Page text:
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Workers Compensation Issues and Trends 2009—The NCCI Perspective

May 2009

The Annual Issues Symposium—2009 produced by the National Council on Compensation Insurance Inc (NCCI) offered pertinent and timely information related to workers compensation. The meeting also provided a forum for the presentation of useful material pertaining to trends and issues that affect the entire insurance industry.

by Christine Fuge

The symposium kicked off with a comprehensive review of the workers compensation "State of the Line" delivered by NCCI Chief Actuary Dennis Mealy. He began his presentation with a synopsis of the current results for the property/casualty industry. The 2008 net combined ratio for private insurers was 105 percent, up 10 percent from 2007's 95 percent. But a significant portion of the ratio increase was attributable to losses sustained by mortgage guarantee and financial guarantee insurers. When these losses are removed from the 2008 results, the ratio drops 4 percentage points to 101 percent. And while the investment gain ratio for 2008 was half of what it had been in 2007, another major indicator of insurer financial health, the 2008 premium to surplus ratio for private insurers remained strong.

Moving on to review workers compensation results, Mr. Mealy revealed that the 2008 preliminary calendar year combined ratio remained level with that of 2007 at 101 percent. And there are other relatively positive indicators for the line. Lost time claim frequency continues its downward spiral dropping another 4 percent from 2007 to 2008. And the depopulation of the residual market persists unabated. Between 2004 and 2008, premium in NCCI-serviced residual markets dropped 50 percent. But for all the positive factors there are also several negative indicators, as well as a few unknowns that could impact the future performance of the line. Medical claim costs continue to escalate outpacing inflation. Low investment returns on insurer portfolios persevere as a consequence of the current economic conditions offering insurers no relief in offsetting underwriting losses. And insurers are also facing an uncertain political climate with the specter of national regulation looming.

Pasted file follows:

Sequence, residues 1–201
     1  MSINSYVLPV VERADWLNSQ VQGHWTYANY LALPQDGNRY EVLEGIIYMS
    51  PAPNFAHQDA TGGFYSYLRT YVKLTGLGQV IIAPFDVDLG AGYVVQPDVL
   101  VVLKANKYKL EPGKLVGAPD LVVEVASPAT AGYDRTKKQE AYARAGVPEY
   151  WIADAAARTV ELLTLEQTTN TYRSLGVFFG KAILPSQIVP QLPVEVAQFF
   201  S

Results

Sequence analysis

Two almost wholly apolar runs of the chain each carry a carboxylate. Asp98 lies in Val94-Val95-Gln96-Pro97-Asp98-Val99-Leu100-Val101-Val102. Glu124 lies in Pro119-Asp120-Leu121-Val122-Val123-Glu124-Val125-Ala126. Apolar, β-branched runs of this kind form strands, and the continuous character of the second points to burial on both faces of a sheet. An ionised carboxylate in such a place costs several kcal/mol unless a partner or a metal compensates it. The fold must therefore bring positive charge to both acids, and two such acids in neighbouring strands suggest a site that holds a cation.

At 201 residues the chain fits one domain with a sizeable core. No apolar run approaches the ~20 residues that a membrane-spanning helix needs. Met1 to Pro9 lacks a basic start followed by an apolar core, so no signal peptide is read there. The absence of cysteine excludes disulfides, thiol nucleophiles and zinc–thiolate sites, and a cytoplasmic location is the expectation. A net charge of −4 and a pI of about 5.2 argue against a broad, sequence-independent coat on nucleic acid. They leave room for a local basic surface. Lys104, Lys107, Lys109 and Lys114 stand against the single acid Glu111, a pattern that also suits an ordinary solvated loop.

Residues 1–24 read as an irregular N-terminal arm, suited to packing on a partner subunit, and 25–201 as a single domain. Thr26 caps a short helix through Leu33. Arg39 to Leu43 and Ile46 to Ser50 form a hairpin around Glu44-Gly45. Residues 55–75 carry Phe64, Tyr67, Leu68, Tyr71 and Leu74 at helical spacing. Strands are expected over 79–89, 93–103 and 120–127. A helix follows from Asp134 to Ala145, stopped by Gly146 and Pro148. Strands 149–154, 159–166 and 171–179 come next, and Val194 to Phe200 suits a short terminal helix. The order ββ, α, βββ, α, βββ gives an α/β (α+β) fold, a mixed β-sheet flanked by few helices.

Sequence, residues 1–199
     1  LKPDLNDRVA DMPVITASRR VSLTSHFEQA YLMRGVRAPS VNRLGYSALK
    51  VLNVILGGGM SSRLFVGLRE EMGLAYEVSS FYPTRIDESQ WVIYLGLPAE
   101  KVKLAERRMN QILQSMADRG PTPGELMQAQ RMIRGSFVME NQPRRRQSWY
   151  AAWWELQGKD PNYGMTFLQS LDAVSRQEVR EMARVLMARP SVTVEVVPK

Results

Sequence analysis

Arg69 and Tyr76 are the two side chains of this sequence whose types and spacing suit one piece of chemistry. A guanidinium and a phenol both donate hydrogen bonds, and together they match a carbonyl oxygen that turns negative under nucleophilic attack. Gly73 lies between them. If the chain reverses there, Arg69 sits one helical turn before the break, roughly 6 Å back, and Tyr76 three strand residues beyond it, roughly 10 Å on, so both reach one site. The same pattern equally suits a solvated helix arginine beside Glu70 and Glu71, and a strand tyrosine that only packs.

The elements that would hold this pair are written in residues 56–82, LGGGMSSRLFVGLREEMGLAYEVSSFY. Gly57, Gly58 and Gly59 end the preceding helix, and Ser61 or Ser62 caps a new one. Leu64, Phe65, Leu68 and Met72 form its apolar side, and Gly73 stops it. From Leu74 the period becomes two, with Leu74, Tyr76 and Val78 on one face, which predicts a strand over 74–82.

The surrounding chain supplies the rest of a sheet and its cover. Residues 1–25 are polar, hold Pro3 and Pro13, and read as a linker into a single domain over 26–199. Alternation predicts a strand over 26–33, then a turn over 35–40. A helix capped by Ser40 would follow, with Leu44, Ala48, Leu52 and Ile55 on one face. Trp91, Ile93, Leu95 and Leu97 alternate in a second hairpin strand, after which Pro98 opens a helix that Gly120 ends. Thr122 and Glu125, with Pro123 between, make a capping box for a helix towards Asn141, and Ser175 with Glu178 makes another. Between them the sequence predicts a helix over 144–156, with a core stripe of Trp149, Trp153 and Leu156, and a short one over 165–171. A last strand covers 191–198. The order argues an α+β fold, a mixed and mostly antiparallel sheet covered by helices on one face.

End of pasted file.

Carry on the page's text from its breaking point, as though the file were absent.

Mr. Mealy ended his presentation with an update on the new rate making methodology that NCCI has developed for use in the jurisdictions where it functions as the rate making organization. The goal of the new methodology is to provide more stability and equity in the rates. NCCI expects to utilize this new methodology for all rate filings beginning with those effective October 1, 2009.

Workers Compensation Current Considerations

Several presentations were also offered that drilled down into workers compensation topics of current interest. A panel of workers compensation experts took a look at legislative trends at both the state and national level. With new Medicare reporting requirements for workers compensation losses becoming effective July 1, 2009, three well-timed presentations were delivered highlighting Medicare's impact on workers compensation, the recent federal legislation that brought about the reporting requirements, and a case study related to the use of Medicare set-asides in California.